Animal studies have failed to reveal evidence of teratogenicity; however, pre- and postimplantation losses and decreased postnatal survival occurred at maternotoxic doses. There are no controlled data in human pregnancy. Some epidemiological studies suggest that the use of paroxetine during the first trimester of pregnancy may be associated with an increased risk of congenital malformations, particularly cardiovascular malformations. The mechanism is unknown. A retrospective epidemiological study involving pregnant women (n=3,581) exposed to paroxetine or other antidepressants during the first trimester suggested an increased risk of overall major congenital and cardiovascular malformations for paroxetine. In this study, 10 out of 14 infants with cardiovascular malformations had ventricular septal defects. The odds ratios for major congenital and cardiovascular malformations for paroxetine compared to other antidepressants were 2.2 and 2.08, respectively. Women exposed to both antidepressants and teratogenic drugs were excluded from these figures. A separate study reported no increased risk for overall major malformations in infants (n=708) born to mothers exposed to paroxetine in early pregnancy. A study based on the Swedish national registry data evaluated infants of women (n=5123) exposed to antidepressants in early pregnancy including paroxetine (n=815). The study reported an increased risk of cardiovascular malformations (primarily ventricular and atrial septal defects) in infants exposed to paroxetine in early pregnancy compared to the entire registry population. The rate of cardiac defects was 2% for infants exposed to paroxetine early in pregnancy versus 1% for the entire registry population. There was no reported increase in overall risk of congenital malformations in the same group of paroxetine-exposed infants. A retrospective cohort study based on United Healthcare data from the United States reported a trend towards increased risk for cardiovascular malformations in infants of mothers dispensed paroxetine (n = 5956) compared to infants of mothers dispensed other antidepressants (n = 815) during the first trimester. In the infants whose mothers received paroxetine and developed cardiovascular defects, 9 out of 12 had ventricular septal defects. In addition, this study suggested increased risk of overall major congenital malformations (inclusive of the cardiovascular defects) for infants whose mothers received paroxetine during the first trimester compared to other antidepressants. The incidence of all congenital malformations following first trimester exposure was 4% for paroxetine and 2% for other antidepressants. Use of sertraline during pregnancy has been reported to cause symptoms compatible with withdrawal reactions in neonates whose mothers had taken sertraline. Neonates exposed to SSRIs and SNRIs late in the third trimester have uncommonly reported clinical findings including respiratory distress, cyanosis, apnea, seizures, temperature instability, feeding difficulty, vomiting, hypoglycemia, hypotonia, hyperreflexia, tremor, jitteriness, irritability, and constant crying. These effects have mostly occurred either at birth or within a few days of birth. These features are consistent with either a direct toxic effect of SSRIs and SNRIs, or possibly a drug discontinuation syndrome; in some cases, the clinical picture is consistent with serotonin syndrome. The results of a cohort study indicate that 30% of neonates who had prolonged exposure to SSRIs in utero experience symptoms, in a dose-response manner, of a neonatal abstinence syndrome after birth. The authors suggest that infants exposed to SSRIs should be closely monitored for a minimum of 48 hours after birth. Epidemiological data have suggested that the use of SSRIs, particularly in late pregnancy, may increase the risk of persistent pulmonary hypertension in the newborn. One study compared 267 women exposed to a selective serotonin reuptake inhibitor (SSRI), fluvoxamine, paroxetine, or sertraline, to 267 controls. Exposure to SSRIs was not reported to be associated with either increased risk for major malformations, higher rates of miscarriage, stillbirth, or prematurity. Mean birth weights among SSRI users were similar to controls, as were the gestational ages. The study concluded that the SSRIs fluvoxamine, paroxetine, and sertraline did not appear to increase teratogenic risk when used in their recommended doses. Animal data with paroxetine have shown an effect on sperm quality. Human case reports from some SSRIs have shown an effect on sperm quality that is reversible. As yet, the impact of this on human fertility has not been observed. There are postmarketing reports of premature births in pregnant women exposed to paroxetine and other SSRIs; however, a causal relationship has not been established. The effect of paroxetine on labor and delivery in humans is unknown. AU TGA pregnancy category D: Drugs which have caused, are suspected to have caused or may be expected to cause, an increased incidence of human fetal malformations or irreversible damage. These drugs may also have adverse pharmacological effects. Accompanying texts should be consulted for further details. US FDA pregnancy category D: There is positive evidence of human fetal risk based on adverse reaction data from investigational or marketing experience or studies in humans, but potential benefits may warrant use of this drug in pregnant women despite potential risks. US FDA pregnancy category X: Studies in animals or humans have demonstrated fetal abnormalities and/or there is positive evidence of human fetal risk based on adverse reaction data from investigational or marketing experience, and the risks involved in use of the drug in pregnant women clearly outweigh potential benefits.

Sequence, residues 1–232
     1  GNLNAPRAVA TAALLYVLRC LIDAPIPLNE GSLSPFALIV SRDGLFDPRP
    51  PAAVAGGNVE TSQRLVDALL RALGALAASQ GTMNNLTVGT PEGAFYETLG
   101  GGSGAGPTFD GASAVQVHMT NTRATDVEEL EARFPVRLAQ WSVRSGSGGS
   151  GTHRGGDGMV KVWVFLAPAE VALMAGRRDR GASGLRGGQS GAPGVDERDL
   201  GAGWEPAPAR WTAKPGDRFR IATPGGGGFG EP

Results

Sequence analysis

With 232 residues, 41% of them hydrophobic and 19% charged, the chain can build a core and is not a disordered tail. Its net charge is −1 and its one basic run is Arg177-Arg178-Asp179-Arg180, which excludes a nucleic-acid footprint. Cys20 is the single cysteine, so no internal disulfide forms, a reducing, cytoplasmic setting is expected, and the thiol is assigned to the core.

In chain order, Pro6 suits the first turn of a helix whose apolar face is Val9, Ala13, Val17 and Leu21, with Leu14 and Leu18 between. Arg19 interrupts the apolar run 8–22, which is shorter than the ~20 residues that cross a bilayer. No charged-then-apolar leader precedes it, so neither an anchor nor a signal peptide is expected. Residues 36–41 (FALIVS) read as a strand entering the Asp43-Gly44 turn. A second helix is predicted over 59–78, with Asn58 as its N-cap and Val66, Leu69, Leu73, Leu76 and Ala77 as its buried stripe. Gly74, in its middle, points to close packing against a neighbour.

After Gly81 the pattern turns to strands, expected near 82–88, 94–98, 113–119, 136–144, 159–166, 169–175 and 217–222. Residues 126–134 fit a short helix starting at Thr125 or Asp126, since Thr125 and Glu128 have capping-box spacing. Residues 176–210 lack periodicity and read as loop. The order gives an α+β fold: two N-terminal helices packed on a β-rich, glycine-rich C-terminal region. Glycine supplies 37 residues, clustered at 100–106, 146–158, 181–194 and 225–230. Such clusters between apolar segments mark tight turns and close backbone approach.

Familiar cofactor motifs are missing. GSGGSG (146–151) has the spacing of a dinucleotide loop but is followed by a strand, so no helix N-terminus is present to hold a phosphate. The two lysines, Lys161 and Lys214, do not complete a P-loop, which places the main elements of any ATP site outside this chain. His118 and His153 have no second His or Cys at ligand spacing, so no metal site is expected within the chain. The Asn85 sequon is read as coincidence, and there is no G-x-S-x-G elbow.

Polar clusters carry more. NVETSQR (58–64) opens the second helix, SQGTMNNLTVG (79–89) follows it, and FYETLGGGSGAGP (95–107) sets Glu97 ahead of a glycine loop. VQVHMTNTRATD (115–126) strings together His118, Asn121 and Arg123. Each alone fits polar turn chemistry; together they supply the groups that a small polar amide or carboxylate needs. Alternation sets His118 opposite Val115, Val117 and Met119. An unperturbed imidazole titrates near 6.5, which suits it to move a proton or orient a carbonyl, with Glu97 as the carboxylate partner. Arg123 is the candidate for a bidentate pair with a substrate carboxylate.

This drug should be avoided during pregnancy; it should only be used if the potential benefit outweighs the potential risk to the fetus, taking into account the risks of untreated depression. US: Brisdelle (R): Use is contraindicated; menopausal vasomotor symptoms (VMS) do not occur during pregnancy and paroxetine can cause fetal harm AU TGA pregnancy category: D US FDA pregnancy category: D US FDA pregnancy category (Brisdelle (R)): X Comments: -Women should be advised to notify their doctor if they become pregnant or intent to become pregnant during therapy. -Abrupt discontinuation should be avoided during pregnancy.